Helping Your Prenatal Vitamin do its Job

The use and necessity of prenatal vitamins are a growing source of controversy.  What exactly is in your vitamin? Do you have to take one or can you get everything you need from your diet? Does it have everything it should have in it?  Does it have anything in there that shouldn’t be there?

It’s important to realize that prenatal vitamins are not meant to be your sole source of nutrients. They are meant to supplement!  Pregnant women need more of almost every vitamin and mineral than non-pregnant women. Some say that most of these increased nutrient requirements can be met through a carefully planned, nutritious diet.  You should try your best to eat lots of fresh, non-processed foods. However, a supplement is important if you are NOT getting the required amounts from what you eat (and most of us probably are not!).

Not all prenatal vitamins are created equal. If you are unsure about the best one for you, do some research and talk to your doctors. Avoid artificial preservatives, flavors, colors, and sweeteners. You may want to follow this advice and purchase your vitamins at a health food store, instead of a drug company that “loads them with plenty of of low-quality, synthetic vitamins.”  Here are some other aspects to consider:

Iron
If you’re suffering from extreme exhaustion, you’re not alone. March of Dimes claims that anemia caused by lack of iron affects half of all pregnant women!

Your multivitamin won’t contain the 27 milligrams of iron that pregnant women need, so you can add to your levels by eating iron-rich foods like red meat or fortified cereals.

You may also be prescribed a supplement if you have low iron levels, or have pernicious anemia, sickle cell disease, or uterine fibroids. If iron makes you nauseous, try taking it in the evening, and improve your body’s ability to absorb it by avoiding coffee, tea, egg yolks, milk, fiber, and soy with your tablet.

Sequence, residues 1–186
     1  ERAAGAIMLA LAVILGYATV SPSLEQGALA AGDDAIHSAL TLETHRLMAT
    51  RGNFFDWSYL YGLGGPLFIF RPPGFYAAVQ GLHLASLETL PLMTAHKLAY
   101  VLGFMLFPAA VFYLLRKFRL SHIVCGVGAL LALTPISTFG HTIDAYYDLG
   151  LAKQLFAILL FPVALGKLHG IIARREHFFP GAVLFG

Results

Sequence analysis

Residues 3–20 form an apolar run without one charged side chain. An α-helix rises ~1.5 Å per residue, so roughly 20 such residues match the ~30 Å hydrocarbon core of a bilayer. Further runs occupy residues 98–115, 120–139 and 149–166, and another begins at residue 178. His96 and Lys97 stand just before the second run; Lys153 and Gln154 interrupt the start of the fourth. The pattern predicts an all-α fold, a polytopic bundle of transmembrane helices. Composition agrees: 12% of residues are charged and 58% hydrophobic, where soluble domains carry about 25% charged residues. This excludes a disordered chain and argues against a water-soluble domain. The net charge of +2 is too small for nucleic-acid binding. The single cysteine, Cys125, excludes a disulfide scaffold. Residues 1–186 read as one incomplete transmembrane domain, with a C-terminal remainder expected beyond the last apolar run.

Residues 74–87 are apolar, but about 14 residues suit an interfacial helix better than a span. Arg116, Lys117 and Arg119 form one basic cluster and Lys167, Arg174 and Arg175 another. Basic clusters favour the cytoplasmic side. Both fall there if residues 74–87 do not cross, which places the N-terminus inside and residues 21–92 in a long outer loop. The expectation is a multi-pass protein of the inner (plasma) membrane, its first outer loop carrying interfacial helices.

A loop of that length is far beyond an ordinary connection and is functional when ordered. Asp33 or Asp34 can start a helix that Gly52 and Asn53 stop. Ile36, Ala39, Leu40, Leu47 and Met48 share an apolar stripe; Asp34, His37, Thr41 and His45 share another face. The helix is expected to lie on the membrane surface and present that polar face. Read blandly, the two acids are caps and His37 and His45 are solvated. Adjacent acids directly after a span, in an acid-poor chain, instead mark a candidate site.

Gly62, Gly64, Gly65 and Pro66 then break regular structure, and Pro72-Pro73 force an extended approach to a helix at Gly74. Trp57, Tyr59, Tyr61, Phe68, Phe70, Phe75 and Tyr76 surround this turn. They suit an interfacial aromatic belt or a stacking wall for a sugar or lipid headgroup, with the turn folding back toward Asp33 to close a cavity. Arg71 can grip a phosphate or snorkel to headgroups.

Calcium
Calcium is so important for your baby’s bones that your body will steal your stores and give them to baby, if necessary – putting you at risk for osteoporosis. Prenatals don’t contain anywhere near the recommended 1,000 milligrams (and women carrying multiples need even more). So add calcium-rich foods to your diet, or ask your doctor about a supplement.

The World Health Organization recommends that in order to reduce the risks of preterm birth and eclampsia, pregnant women should consume 1,500 milligrams of calcium.  (Note that anything beyond 250 mg of calcium, or 25 mg of magnesium, should not be taken at the same time as supplemental iron since both calcium and magnesium interfere with the absorption of the iron.)

Vitamin D
Sunshine is the body’s leading source of vitamin D. There are many reasons why vitamin D is vital during pregnancy. Women with darker skin and those who get little sun should be tested for vitamin D, says the American Academy of Pediatrics. If you’re deficient, you should consider a supplement.

Omega-3s
Studies have shown that DHA, found in omega-3 fatty acids, improves baby’s visual-learning ability and attention span, and may help stave off postpartum depression. You can get enough DHA with two or three servings of salmon, herring, or sardines a week, but to be on the safe side, you might take a DHA supplement. The American College of recommends that pregnant women get 300 milligrams a day.

Iodine
Iodine is critical for your baby’s brain development, says Donnica Moore, M.D. You should use table salt that specifically says, ‘iodized.’  If you are on a low-salt diet or have trouble with water retention, it may be better to find a prenatal supplement with iodine.

Choline
Choline helps develop the hippocampus, the brain’s memory center, but is not included in many prenatal supplements. Eating two eggs a day can help you meet the 450-milligram daily choline requirement.

Folic Acid
Most moms have heard about the importance of folic acid in preventing pina bifida and other defects. The recommended dosage is 400 to 600 micrograms a day, but you need more if you’re carrying multiples, have anemia, sickle cell disease, or who’ve had a child with a similar brain defect.  (I did find one source saying that eating green, folate-rich foods is safer than taking folic acid, but I don’t know enough to comment on that.)

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